Were he still alive, Woody Guthrie would turn 100 years-old tomorrow. To commemorate the anniversary, the Smithsonian Institute’s Folkways Recordings has released Woody at 100: The Woody Guthrie Centennial Collection, a 150-page large-format book with three CDs containing 57 tracks, including Guthrie’s most important recordings. The set also contains 21 previously unreleased performances and six unreleased originals, including Guthrie’s first known—and recently discovered—recordings from 1939. Check out a video about the making of the project below. Indianapolis readers can join in the celebration of Guthrie’s life and career at Ellenberger Park on Saturday, where local musicians will pay tribute in the form of the Woody Guthrie 100th Birthday Celebration Jamboree. The event is free.
Written by Rob Peoni
Once a week In The Dust rolls up its sleeves and digs to the back of the rack to find that record, the one you never knew you always wanted, the one that’s lost but not forgotten.
In the early 1950s, there began a revolution. It wasn’t marked with massacre or power struggle. Those outside it knew it existed, but barely, and only through stories of the Bohemian, Greenwich Village, and emerging stars like Bob Dylan, Joan Baez and Phil Ochs. It was a new American revolution, one in which musicians, critics, casual listeners, and even hipsters and some fashionistas began to look back in order to look forward. It was a folk revolution, and Harry Smith, then just 29 years old, was at its center.
Smith was, in many ways, a jack-of-all-trades. A filmmaker, ethnomusicologist, anthropologist, mystic and artist, he embodied 1960’s New York bohemianism. He lived with Ginsberg, rubbed elbows with Igliori and The Fugs, hung out at Hotel Chelsea, screened films at the San Francisco Museum of Art and, perhaps most importantly, amassed an astonishingly deep collection of early American 78 rpm records. Many of these records were collected to form The Smithsonian Anthology of Folk Music, a six-LP box set that stands not only as a valuable document of the development of American music, but also as one of the most influential compilations ever released.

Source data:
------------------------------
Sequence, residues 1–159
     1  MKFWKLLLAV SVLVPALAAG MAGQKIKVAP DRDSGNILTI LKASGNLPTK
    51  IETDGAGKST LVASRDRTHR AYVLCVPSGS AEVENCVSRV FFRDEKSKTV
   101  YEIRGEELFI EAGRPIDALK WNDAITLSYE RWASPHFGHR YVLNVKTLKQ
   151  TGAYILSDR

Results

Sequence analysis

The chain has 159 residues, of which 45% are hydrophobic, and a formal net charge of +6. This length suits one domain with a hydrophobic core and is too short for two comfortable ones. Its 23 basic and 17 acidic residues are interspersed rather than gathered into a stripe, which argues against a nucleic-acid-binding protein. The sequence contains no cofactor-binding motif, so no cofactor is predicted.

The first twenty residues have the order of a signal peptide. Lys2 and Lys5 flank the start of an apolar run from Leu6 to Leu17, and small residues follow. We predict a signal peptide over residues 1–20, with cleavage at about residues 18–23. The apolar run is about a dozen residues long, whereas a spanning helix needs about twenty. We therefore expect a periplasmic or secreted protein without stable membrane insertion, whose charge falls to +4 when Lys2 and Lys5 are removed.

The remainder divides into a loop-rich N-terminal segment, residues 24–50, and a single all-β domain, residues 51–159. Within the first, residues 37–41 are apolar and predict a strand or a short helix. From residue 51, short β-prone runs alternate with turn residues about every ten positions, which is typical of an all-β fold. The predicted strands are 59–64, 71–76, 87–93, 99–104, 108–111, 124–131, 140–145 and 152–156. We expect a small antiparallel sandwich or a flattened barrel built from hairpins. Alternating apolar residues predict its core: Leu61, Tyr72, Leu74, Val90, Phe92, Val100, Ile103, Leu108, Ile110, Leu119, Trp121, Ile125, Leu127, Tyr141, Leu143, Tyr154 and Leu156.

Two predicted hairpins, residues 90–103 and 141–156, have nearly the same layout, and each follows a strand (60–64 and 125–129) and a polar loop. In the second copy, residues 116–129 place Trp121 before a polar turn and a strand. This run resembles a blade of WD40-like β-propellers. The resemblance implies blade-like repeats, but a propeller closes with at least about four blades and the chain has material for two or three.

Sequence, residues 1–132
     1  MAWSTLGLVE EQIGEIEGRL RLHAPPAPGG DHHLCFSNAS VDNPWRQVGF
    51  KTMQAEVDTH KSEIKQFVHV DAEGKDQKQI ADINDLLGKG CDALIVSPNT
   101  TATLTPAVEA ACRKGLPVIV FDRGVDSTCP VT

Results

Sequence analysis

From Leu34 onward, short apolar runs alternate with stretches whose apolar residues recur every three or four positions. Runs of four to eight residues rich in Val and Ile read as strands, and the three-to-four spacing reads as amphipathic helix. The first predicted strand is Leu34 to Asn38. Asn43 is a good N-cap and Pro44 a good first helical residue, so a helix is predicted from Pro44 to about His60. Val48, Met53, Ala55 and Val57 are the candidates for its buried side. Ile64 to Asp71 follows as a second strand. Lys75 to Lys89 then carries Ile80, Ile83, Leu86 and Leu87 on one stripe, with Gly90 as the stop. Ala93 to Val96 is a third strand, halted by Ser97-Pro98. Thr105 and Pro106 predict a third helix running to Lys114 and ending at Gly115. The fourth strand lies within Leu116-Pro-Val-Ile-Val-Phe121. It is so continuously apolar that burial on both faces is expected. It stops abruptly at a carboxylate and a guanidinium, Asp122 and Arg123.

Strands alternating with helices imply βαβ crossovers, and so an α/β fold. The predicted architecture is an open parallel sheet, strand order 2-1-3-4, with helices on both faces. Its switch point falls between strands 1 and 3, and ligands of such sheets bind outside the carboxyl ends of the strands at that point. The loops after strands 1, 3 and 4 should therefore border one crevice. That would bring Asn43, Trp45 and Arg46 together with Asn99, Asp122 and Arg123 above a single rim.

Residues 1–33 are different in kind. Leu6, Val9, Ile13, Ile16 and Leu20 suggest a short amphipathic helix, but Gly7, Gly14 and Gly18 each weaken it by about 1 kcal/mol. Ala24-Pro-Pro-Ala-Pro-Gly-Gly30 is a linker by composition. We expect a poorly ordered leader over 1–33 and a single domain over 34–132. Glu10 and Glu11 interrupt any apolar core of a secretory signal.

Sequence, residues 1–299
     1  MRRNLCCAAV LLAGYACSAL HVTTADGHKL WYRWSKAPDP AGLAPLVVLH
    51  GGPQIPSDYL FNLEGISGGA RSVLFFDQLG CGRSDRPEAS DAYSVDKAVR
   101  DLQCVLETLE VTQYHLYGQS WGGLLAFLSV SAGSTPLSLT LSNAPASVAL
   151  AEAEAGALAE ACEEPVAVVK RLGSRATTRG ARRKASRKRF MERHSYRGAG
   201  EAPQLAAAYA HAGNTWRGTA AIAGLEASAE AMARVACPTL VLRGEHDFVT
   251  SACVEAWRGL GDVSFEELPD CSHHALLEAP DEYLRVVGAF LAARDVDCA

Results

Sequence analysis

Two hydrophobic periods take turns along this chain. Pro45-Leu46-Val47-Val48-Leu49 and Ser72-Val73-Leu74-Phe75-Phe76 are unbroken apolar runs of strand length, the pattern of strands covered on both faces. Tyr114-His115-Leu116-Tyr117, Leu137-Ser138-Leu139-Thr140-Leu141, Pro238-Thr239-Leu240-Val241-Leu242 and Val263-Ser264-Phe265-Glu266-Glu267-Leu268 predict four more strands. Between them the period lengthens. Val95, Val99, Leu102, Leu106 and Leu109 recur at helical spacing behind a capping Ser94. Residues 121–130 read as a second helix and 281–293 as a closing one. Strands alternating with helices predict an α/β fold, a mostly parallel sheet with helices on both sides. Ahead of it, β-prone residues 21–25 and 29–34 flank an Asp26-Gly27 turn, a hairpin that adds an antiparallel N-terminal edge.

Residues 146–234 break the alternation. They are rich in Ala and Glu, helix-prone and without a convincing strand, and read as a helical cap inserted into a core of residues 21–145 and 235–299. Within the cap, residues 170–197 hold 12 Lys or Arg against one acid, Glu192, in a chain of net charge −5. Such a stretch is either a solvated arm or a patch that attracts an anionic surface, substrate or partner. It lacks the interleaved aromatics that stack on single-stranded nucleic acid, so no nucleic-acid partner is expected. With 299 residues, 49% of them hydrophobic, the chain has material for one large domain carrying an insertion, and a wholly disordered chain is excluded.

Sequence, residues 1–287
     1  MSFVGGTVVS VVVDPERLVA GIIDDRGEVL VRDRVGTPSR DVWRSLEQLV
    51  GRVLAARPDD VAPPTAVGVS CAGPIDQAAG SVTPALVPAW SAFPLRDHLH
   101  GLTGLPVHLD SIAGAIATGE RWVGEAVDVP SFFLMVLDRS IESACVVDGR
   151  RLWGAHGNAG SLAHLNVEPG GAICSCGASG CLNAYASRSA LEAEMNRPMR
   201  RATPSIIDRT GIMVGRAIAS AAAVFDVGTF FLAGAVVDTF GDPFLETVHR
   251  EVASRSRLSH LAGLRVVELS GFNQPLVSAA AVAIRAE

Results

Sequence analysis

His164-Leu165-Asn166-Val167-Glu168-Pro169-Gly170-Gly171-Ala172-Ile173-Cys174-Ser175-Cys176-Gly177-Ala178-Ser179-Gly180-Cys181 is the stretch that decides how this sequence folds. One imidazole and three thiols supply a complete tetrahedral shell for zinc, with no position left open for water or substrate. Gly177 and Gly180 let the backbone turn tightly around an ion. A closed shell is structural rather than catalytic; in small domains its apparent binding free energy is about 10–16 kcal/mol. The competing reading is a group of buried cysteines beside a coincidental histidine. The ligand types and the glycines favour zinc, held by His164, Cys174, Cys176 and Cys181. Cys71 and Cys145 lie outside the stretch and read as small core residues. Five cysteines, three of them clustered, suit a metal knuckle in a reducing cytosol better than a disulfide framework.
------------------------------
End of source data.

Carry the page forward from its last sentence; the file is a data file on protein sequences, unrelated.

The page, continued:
The collection, released in 1952, is comprised of 84 sides recorded sometime during 1927-1932 (Smith notes his reasoning for this timeframe as “1927, when electronic recording made possible accurate music reproduction, and 1932, when the Depression halted folk music sales,”) and divided into three parts, each with two records of stylistically linked material: Ballads, Social Music, and Songs. Ballads collects songs that recount a particular time or event and loosely tells a historical narrative. The first LP of Social Music collects dance songs and party music, typically performed, as one can imagine, at community gatherings. The second LP features pieces centering on religion and spirituality and Songs collects those in between, detailing everyday life, relationships, activity, etc. Genres range from Cajun to country to delta blues, generally running the gamut of popular, regional American music of the time.
Smith oversaw every aspect of the box’s production. He wrote and crafted the liner notes himself, which are nearly as famous on their own, using a style of collage later adopted by post-modernist artists. Always the eccentric, Smith sometimes provided editorialized summations of songs in cryptically poetic, journalistic expressions. For “King Kong Kitchie Kitchie Ki-Me-O” by Chubby Parker, a song in which a frog marries and mouse, later sampled by Mickey Avalon for his song “What Do You Say”, Smith penned the following: “Zoologic Miscegeny Achieved Mouse Frog Nuptuals [sic], Relatives Approve.” Each volume in the collection features the same cover art, a “celestial monochord”, but printed in its own unique color: green, blue and red. These, Smith asserted, were to represent the essential alchemical elements, Air, Water and Fire, and were to be in harmony with the “celestial monochord”, another alchemical reference, taken from an early treatise by the alchemist Robert Fludd. It was later replaced by a photo of a farmer in response to the politically charged atmosphere of the culture at which the collection was aimed for fear that its mystic angle might prove heavily divisive.
But the collection was anything but divisive. Its track listing reads like an all-star revue. It introduced uninitiated listeners to Blind Lemon Jefferson, The Carter Family, Mississippi John Hurt, Furry Lewis, Charlie Patton, Blind Willie Johnson, Gus Cannon and Cannon’s Jug Stompers, Dock Boggs, Sleepy John Estes and a host other artists. Its sounds graced the ears of Bob Dylan, Joan Baez, Dave Van Ronk and all the players in the New York folk scene, even Ginsberg, fellow poets, The Grateful Dead in San Francisco, and all those with an ear to the ground. Ronk recalls, “we all knew every word of every song on it, including the ones we hated.” Instantly, it was heralded as a driving force behind the folk movement and all efforts of musical resurrection, inspiring Newport Folk Festival to include Mississippi John Hurt and Dock Boggs on the roster of their next festival. Overnight, forgotten stars once again ascended and were flown to New England, Europe, all over the world, anxious and engorged with folk fever.
It later seduced John Fahey, Elvis Costello and infinite others, the entrancing “talismanic aura” driving every listener under its spell to obsessive love and reverence. It is #276 on Rolling Stone’s 500 Greatest Albums of All-time. Required listening for any American music lover, Smith and his Anthology are American treasures, of the past but not forgotten, to be held closely and affectionately, with curiosity and desire, and appreciated not as antiques but as indispensible, undying articles of America.
Written by Ben Brundage